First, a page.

Many homeless individuals will not go to a homeless shelter because they are crowded and dangerous. If there is no place to store belongings, they often are stolen. Some of the residents have emotional problems which are exacerbated, or caused by, their homelessness. To avoid these dangerous conditions, some people sleep in the streets, in parks, in their cars, RVs, or in train or bus stations. Some live in tents in the woods or build temporary shelters in out-of-the-way spaces in the city, which are often torn down by the city. Some homeless people prefer the freedom and privacy they have in their own encampments to rigidly controlled shelters.
Shelter programs are shaped by prevailing views of the poor, who are considered to be generally inadequate and incompetent and in need of reform.
In "A Roof Over my Head," Jean Calterone Williams expresses this well:
"By making many aspects of their programs mandatory . . . shelters give the impression that homeless people will not take the initiative on their own to look for work or housing, enroll their children in school, or keep their living spaces clean. They must be forced to do so. By mandating budgeting classes, shelters suggest that people become homeless in part because they are irresponsible with their money. It is in a sense a symbiotic relationship: shelter programs influence the ways housed people think about homelessness, the views of the housed public -- whether ordinary citizens or policymakers -- affect the formation of shelter programs and how such programs treat homeless people."
I AM BEMUSED by announcements that come over the radio from time to time by foundations or institutes saying they are studying the causes of homelessness and seeking cures.
In fact, the causes are quite simple and have been studied quite enough. Homelessness is caused by poverty, insufficient affordable housing and insufficient money to pay for housing, and a weak or nonexistent safety net of income maintenance and support services.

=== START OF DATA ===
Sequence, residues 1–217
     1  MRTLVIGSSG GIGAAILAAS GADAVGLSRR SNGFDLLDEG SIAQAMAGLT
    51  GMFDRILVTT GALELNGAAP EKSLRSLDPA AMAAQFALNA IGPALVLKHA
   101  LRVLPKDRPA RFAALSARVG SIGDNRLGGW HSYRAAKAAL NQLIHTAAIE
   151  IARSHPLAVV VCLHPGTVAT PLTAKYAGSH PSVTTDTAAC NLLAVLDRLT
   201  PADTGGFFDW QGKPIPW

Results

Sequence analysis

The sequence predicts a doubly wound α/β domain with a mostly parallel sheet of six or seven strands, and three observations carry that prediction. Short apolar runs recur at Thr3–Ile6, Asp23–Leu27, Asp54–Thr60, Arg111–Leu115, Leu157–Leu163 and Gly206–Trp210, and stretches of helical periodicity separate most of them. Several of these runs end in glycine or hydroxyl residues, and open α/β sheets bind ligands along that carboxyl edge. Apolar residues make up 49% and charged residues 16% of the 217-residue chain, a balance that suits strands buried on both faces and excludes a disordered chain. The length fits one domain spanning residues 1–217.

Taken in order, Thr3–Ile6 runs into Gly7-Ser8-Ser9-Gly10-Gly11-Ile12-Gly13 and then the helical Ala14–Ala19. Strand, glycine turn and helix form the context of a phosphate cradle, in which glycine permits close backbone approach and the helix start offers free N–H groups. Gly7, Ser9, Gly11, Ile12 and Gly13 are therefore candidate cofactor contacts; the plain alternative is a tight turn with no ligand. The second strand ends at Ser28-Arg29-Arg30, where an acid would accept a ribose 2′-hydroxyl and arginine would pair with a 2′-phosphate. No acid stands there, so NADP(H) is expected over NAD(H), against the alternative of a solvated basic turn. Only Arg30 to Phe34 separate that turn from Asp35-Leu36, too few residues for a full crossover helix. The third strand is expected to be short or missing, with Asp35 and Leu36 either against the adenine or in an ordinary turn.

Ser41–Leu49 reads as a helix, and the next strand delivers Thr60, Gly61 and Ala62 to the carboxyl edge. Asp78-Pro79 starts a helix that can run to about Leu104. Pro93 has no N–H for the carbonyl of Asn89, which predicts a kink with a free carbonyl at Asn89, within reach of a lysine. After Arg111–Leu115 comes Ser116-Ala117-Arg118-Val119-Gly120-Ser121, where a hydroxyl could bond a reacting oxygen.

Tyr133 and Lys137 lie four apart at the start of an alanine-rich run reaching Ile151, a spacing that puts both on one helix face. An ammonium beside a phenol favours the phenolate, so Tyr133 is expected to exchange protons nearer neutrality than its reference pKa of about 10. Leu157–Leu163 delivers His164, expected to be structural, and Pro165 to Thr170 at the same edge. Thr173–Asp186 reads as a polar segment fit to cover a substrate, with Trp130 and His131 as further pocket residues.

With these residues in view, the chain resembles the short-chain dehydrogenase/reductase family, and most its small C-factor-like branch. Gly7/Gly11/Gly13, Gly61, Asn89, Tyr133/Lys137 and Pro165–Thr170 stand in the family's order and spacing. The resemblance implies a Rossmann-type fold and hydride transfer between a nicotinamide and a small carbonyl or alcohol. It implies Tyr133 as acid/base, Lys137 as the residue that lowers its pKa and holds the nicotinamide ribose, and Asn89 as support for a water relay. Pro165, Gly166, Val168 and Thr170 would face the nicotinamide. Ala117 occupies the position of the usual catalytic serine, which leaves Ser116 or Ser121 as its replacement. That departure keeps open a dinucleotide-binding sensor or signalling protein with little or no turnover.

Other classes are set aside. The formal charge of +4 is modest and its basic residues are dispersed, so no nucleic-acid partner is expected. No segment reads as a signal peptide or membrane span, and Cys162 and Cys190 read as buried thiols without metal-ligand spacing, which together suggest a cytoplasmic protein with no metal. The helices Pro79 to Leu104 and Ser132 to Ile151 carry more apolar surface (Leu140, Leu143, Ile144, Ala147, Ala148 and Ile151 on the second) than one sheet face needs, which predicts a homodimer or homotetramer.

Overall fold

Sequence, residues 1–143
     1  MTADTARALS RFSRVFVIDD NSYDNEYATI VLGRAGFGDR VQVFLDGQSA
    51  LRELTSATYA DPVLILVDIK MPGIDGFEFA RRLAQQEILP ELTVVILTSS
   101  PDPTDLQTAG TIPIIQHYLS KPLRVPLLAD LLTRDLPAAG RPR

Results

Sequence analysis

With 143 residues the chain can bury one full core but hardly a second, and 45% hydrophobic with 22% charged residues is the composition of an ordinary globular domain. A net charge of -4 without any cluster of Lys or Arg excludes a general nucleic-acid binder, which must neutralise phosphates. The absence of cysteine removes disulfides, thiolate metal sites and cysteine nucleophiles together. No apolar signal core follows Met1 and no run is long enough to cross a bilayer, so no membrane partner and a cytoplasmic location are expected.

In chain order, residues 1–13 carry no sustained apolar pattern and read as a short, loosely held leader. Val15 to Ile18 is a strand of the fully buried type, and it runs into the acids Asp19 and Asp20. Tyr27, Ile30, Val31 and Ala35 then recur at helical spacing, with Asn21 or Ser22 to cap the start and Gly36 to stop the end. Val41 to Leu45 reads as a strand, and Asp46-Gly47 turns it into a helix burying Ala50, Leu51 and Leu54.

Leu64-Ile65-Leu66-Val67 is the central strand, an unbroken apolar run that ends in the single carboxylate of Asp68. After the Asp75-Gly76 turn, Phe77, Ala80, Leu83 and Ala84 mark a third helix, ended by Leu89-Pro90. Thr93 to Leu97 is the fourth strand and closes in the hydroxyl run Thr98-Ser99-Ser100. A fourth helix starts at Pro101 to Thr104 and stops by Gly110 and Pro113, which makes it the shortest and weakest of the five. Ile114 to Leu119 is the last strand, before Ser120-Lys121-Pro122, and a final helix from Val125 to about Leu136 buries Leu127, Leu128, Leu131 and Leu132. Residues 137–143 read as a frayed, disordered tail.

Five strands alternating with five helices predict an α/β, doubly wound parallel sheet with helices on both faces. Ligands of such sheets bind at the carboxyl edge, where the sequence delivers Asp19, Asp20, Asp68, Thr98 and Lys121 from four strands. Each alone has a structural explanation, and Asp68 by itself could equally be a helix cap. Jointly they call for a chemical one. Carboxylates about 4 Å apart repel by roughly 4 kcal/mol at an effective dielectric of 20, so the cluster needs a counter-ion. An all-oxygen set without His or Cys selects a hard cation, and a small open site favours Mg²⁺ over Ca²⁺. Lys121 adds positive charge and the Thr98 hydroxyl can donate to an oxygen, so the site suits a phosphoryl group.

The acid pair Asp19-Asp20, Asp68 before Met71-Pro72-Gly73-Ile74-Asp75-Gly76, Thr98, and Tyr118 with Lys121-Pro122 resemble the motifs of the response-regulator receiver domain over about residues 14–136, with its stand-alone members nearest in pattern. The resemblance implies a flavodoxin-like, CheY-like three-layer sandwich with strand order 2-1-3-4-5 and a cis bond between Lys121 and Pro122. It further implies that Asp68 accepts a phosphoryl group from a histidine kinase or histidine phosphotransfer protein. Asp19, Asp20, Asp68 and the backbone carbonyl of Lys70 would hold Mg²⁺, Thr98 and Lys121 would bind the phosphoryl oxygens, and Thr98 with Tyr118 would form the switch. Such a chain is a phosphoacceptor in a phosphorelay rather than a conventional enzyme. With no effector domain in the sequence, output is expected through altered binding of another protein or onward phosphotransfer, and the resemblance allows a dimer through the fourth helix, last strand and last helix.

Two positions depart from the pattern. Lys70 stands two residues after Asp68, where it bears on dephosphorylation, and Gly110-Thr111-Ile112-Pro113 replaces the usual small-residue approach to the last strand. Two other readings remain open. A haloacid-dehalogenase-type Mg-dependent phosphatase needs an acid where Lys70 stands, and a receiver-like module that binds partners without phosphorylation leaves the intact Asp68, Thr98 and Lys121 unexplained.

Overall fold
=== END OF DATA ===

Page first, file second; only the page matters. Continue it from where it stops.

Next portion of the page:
It is true that many of the homeless are alcoholics or drug addicts, but they need a home while they are coping with their problem, and they need treatment programs, and both are in short supply.
It is also true that many of the homeless have emotional problems. Who wouldn't have emotional problems if they were homeless? But they need a home while they are coping with their problems and they need support services. Both are in short supply.
A disproportionate number of foster children who have "aged out" of the foster care system are homeless.
A disproportionate number of veterans are homeless. It is the fault of the government that they are in this condition, but the government has deserted them.
A large percentage of homeless women have been abused. While they may need a temporary refuge to escape the abuser and counseling to help them heal, they also need permanent housing, childcare, a job that pays a living wage, and social supports.
The focus on individual problems shifts attention away from structural problems and obscures the real causes of homelessness. It leads to stereotyping of homeless people as deviant and degenerate, drunk or drugged, or crazy. When these stereotypes are embedded in people's minds, they view every beggar as a scammer.
Stereotyping leads to criminalizing the homeless, allowing cities to sweep them from the streets. It gives implicit permission to delinquent thugs to beat them up.
Stereotyping leads to ever-changing policies geared to fixing different target sub-populations of homeless people. There are "periodic calls for local homeless plans based upon the newest policy flavor (and) temporary and local responses to homelessness that fail to address its systemic causes."